This large red and white wine region south of the Douro Valley was for long well and truly strangled by old-fashioned winemaking methods, particularly long maceration with bitter stalks and unwisely prolonged ageing before bottling so that the wines tasted hard rather than fruity. Things have been changing, however. As recently as the end of the 1980s there was a ridiculous statute which required all grapes to be handed over to co-operative wineries. The abolition of this monopoly and more modern winemaking have resulted in wines that are slowly becoming juicier and friendlier. Producers such as Quinta dos Roques and Quinta da Pellada show that the region can make wines that have a fine core of fruit on the palate with no lack of ageing potential and interest. Both have been experimenting with varietal wines while getting to grips with the essential characteristics of the grapes allowed by the Dão regulations. The finest port grape, Touriga Nacional, is a significant ingredient in many ambitious modern red Dãos, while Tempranillo, known as Tinta Roriz in most of Portugal, and Jaen (Spain’s Mencía) can also produce some good wine in the right hands. White Dão has tended to be an even more anachronistic product, even if the Encruzado grape used in most blends can be quite crisp and fragrant. Quinta dos Roques makes some quite fleshy white wine – a far cry from the dried-out white Dão of yesteryear. Dão will surely realise its potential before too long.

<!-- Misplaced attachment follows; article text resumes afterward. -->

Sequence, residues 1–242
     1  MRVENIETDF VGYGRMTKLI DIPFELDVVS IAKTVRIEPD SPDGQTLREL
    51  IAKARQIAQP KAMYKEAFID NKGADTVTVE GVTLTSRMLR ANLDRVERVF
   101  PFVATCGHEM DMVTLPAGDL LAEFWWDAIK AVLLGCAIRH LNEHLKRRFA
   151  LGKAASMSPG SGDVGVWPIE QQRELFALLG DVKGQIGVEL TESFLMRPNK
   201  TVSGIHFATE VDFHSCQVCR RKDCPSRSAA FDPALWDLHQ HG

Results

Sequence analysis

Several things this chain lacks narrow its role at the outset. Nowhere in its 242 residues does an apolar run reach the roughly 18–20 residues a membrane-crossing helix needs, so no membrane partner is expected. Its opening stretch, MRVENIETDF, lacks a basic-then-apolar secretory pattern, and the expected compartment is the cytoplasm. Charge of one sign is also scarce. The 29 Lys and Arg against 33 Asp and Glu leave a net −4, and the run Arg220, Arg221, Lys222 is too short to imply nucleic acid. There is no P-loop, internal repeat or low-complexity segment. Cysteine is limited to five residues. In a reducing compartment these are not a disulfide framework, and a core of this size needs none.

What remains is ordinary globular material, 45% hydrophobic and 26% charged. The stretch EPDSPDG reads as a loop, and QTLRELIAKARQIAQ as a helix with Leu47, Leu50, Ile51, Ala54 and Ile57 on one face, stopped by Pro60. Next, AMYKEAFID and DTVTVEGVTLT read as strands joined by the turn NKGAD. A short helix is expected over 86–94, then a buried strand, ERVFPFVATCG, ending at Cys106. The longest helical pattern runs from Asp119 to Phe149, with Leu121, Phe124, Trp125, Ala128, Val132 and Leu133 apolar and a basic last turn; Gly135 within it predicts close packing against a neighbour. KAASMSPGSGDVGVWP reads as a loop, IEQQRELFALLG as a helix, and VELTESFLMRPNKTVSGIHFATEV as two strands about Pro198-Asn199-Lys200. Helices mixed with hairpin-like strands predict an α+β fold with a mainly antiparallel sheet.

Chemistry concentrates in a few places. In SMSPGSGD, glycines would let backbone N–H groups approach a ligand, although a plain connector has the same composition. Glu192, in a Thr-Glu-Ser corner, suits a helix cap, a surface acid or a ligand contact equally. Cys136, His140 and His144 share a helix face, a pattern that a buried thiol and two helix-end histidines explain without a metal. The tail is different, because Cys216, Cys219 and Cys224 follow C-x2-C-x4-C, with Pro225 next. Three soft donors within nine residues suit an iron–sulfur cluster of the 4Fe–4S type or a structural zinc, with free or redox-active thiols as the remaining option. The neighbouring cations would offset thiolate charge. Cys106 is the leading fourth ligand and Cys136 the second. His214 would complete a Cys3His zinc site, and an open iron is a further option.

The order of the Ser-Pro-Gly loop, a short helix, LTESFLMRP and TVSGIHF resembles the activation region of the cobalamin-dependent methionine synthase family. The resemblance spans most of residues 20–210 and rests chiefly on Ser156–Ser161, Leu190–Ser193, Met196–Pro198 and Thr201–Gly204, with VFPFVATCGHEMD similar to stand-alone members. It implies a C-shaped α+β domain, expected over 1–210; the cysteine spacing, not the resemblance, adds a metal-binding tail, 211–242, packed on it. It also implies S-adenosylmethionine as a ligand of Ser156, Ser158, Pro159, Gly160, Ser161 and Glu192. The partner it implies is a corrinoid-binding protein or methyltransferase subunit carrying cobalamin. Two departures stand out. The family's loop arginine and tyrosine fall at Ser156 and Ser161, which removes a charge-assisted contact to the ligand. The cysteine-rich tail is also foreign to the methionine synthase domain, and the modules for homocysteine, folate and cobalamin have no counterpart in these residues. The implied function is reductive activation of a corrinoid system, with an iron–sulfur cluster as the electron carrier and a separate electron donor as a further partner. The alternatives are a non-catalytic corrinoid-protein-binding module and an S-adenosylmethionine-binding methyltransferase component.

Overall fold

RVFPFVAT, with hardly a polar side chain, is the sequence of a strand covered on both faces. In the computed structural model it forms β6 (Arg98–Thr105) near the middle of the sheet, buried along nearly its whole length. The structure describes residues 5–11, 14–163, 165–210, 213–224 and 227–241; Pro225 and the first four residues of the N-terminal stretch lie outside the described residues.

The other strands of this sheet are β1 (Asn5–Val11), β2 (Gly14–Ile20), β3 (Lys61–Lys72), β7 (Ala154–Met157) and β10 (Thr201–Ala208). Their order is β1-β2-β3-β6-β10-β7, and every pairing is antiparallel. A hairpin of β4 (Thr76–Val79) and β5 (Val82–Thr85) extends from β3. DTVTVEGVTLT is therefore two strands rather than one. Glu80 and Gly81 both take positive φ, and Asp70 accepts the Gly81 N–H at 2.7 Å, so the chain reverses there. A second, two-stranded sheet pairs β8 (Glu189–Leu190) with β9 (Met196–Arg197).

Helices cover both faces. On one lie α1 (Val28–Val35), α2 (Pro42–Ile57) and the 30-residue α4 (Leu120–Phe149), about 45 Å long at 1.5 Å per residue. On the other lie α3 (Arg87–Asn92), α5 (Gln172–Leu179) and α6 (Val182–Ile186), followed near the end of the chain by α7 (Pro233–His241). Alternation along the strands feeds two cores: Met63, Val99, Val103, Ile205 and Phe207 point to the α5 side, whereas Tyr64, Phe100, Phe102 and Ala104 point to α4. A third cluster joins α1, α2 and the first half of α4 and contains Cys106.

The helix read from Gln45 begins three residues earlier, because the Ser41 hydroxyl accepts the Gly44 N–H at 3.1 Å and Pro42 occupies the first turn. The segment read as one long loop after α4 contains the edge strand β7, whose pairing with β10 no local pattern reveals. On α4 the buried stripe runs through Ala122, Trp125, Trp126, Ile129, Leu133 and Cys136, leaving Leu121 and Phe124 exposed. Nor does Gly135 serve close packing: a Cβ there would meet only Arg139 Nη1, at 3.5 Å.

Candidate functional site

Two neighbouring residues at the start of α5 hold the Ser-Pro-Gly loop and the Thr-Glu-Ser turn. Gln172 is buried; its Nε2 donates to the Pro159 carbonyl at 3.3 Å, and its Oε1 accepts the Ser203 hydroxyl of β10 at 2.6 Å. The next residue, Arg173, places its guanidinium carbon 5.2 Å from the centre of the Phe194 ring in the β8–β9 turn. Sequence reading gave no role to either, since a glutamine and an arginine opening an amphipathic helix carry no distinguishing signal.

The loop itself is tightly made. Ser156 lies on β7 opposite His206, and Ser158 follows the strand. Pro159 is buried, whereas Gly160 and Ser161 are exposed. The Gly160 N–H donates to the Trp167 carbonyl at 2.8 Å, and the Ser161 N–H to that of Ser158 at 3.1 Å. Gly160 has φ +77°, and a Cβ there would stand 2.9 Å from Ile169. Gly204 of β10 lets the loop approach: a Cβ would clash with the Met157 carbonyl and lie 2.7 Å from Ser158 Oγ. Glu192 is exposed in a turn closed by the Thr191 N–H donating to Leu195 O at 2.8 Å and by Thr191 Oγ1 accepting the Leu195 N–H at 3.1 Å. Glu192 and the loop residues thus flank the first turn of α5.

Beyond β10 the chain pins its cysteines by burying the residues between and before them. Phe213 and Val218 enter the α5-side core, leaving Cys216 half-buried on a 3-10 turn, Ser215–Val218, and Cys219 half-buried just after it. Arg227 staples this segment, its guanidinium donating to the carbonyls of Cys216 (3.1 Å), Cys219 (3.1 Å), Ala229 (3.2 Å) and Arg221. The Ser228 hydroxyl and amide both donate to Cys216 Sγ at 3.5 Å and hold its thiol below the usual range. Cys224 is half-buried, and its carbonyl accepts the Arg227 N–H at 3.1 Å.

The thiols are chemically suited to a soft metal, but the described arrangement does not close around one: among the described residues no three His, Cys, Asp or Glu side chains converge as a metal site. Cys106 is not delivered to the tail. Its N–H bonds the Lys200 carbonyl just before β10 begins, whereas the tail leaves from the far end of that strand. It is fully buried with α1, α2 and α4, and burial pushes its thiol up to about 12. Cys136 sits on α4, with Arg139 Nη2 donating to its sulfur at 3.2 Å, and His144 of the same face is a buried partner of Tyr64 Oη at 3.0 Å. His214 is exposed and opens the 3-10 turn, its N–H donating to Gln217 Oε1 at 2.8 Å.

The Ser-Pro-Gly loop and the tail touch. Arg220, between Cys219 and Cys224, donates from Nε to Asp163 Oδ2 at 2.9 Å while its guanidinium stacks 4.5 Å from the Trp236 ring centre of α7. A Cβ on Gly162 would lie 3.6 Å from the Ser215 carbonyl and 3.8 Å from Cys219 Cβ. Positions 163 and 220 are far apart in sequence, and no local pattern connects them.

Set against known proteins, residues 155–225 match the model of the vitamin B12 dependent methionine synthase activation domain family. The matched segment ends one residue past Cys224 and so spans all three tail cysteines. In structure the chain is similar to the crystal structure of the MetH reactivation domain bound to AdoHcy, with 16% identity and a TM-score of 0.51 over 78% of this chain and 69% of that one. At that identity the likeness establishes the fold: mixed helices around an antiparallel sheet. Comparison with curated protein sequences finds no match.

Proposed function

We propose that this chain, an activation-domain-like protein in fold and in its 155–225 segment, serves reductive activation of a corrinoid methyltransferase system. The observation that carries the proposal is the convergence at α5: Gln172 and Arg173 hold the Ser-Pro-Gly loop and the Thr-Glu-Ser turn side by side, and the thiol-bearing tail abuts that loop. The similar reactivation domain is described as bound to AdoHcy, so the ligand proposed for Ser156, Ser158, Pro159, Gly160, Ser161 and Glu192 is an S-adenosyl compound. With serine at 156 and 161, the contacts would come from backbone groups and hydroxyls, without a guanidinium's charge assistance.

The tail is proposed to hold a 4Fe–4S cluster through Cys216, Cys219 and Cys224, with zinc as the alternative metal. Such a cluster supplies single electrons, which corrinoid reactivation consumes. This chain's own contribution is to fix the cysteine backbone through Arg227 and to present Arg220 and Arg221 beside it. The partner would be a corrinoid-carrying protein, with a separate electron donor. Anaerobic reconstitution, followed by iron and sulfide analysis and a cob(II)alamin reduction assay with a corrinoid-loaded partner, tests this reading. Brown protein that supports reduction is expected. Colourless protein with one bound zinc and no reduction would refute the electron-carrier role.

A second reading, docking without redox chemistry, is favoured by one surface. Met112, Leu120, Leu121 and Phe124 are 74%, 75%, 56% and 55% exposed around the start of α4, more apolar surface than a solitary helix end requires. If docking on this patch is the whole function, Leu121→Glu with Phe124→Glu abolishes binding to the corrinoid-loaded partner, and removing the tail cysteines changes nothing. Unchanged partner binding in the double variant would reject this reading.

Some favourite producers: Quinta dos Carvalhais, Quinta do Foz de Arouce, Quinta da Pellada and Quinta de Saes, Quinta dos Roques and Quinta das Maias, Quinta da Vegia. 

In a nutshell
Emerging from a time warp.